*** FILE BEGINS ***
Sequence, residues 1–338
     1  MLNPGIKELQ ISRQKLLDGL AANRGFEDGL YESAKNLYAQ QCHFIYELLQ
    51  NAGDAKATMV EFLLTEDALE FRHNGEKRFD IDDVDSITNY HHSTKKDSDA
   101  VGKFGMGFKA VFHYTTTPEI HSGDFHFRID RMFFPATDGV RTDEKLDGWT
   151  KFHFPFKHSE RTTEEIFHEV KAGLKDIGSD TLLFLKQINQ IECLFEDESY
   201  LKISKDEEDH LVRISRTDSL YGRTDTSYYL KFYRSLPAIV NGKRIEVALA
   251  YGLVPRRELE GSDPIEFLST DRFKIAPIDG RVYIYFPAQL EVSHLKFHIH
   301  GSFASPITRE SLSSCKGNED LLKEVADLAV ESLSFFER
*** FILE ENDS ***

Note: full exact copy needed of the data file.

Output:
Sequence, residues 1–338
     1  MLNPGIKELQ ISRQKLLDGL AANRGFEDGL YESAKNLYAQ QCHFIYELLQ
    51  NAGDAKATMV EFLLTEDALE FRHNGEKRFD IDDVDSITNY HHSTKKDSDA
   101  VGKFGMGFKA VFHYTTTPEI HSGDFHFRID RMFFPATDGV RTDEKLDGWT
   151  KFHFPFKHSE RTTEEIFHEV KAGLKDIGSD TLLFLKQINQ IECLFEDESY
   201  LKISKDEEDH LVRISRTDSL YGRTDTSYYL KFYRSLPAIV NGKRIEVALA
   251  YGLVPRRELE GSDPIEFLST DRFKIAPIDG RVYIYFPAQL EVSHLKFHIH
   301  GSFASPITRE SLSSCKGNED LLKEVADLAV ESLSFFER